River rangers protect people, wildlife, habitat on the Situk

By Maia Mares

LisaByers, AnaLeighSanderson First Float down Situk
Rivr rangers Lisa Byers and Analeigh Sanderson take their first float of the season down the Situk River

YAKUTAT, Alaska - Imagine a river, clear and pristine as it winds its way through the lush green of the surrounding forest. Now imagine the water bubbling and churning as if it were boiling, due to the massive amount of fish swimming up river. This is the Situk River in the Yakutat District of the Tongass National Forest.

The Situk River is one of the richest river habitats for salmon and trout in Alaska, which ranks it among the most popular and most visited fishing destinations in Southeast. Twenty percent of all freshwater sport fishing on the Tongass happens in the Situk, and multi-million dollar troll and set-net fisheries depend on Situk fish.

But the Situk is more than an economic driver in the region—it’s also a home, and not just for the fish. Brown bears feast on the fish, along with approximately 50 other species in the Tongass National Forest. Moreover, the Situk is the principal source of subsistence salmon for the community of Yakutat, providing many families with a year-long store of nutritious wild fish.

“Subsistence use of salmon is an example of a unique aspect to Alaska livelihood, and isn’t part of the management paradigm in the lower 48,” said Lisa Byers, river ranger for the Yakutat Ranger District. “Sometimes visiting anglers don’t quite get why commercial fishing and subsistence use of salmon are so important to the community of Yakutat.”

Enter the Situk River rangers. These special rangers spend their summers paddling the Situk or hiking nearby to make sure the river and its surrounding habitat are maintained for the economic, ecological and social benefit of all. They maintain trails and cabins, clean up the river and river banks, and promote sustainable use by engaging users along the way. Over the summer, the Situk River rangers talk to thousands of people who visit, spreading river conservation knowledge far and wide.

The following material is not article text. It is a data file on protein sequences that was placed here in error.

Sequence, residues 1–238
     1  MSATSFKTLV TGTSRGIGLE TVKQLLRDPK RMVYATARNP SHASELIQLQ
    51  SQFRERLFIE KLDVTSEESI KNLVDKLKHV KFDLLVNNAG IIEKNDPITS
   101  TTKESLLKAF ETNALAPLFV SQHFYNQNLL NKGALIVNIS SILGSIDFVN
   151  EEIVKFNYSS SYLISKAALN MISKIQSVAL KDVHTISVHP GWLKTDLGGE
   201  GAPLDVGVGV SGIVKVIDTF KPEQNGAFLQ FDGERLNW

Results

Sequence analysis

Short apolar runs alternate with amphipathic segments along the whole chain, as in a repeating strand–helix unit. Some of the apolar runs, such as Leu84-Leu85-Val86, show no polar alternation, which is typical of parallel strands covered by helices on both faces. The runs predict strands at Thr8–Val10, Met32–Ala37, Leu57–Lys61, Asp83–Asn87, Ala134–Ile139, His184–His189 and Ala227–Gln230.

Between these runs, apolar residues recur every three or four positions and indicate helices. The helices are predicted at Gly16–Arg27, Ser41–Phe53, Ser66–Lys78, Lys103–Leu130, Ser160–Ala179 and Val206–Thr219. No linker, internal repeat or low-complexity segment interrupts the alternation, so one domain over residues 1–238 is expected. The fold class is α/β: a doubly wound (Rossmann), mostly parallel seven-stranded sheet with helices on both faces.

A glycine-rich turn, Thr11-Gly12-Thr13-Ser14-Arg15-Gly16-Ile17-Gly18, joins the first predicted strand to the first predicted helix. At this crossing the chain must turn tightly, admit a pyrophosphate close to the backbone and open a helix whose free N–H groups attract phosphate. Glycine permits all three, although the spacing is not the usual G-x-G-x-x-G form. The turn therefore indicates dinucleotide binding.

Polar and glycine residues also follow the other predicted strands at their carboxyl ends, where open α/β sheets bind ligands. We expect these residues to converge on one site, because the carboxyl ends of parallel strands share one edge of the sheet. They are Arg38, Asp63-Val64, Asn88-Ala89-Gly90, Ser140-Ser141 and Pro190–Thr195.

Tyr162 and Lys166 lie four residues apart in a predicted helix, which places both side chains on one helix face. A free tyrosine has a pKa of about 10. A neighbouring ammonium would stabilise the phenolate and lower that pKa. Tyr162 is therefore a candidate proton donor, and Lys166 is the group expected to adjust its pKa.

Lisa Byers stops to talk to an angler on the Situk River

“One of the most important aspects of being a river ranger is trying to balance conservation of the river and its fisheries, while also providing a high quality recreation experience to an array of users,” said Byers.

The river rangers bring conservation education to the people, rather than hoping that river visitors attend presentations or workshops back in Yakutat. By sharing conservation knowledge with the whole spectrum of Situk river users, the river rangers strive to create a culture of stewardship on the river. 

“Being a river ranger is about approaching people and having a conversation,” said Byers. “I believe we can help build a conservation ethic amongst the community of river users that visit the Situk.”

The river rangers also protect both people and wildlife, making sure encounters between the two don’t lead to harm for either party. For example, in conjunction with the Yakutat District wildlife biologist and the local office of Alaska’s Department of Fish and Game, the river rangers have worked hard to minimize human and bear conflicts by educating anglers about bear safety, including proper fish and food storage practices.

They’re known locally as on-the-river stewards, reminding people that our own care and conservation is what will keep the Situk fish-rich and beautiful for generations to come.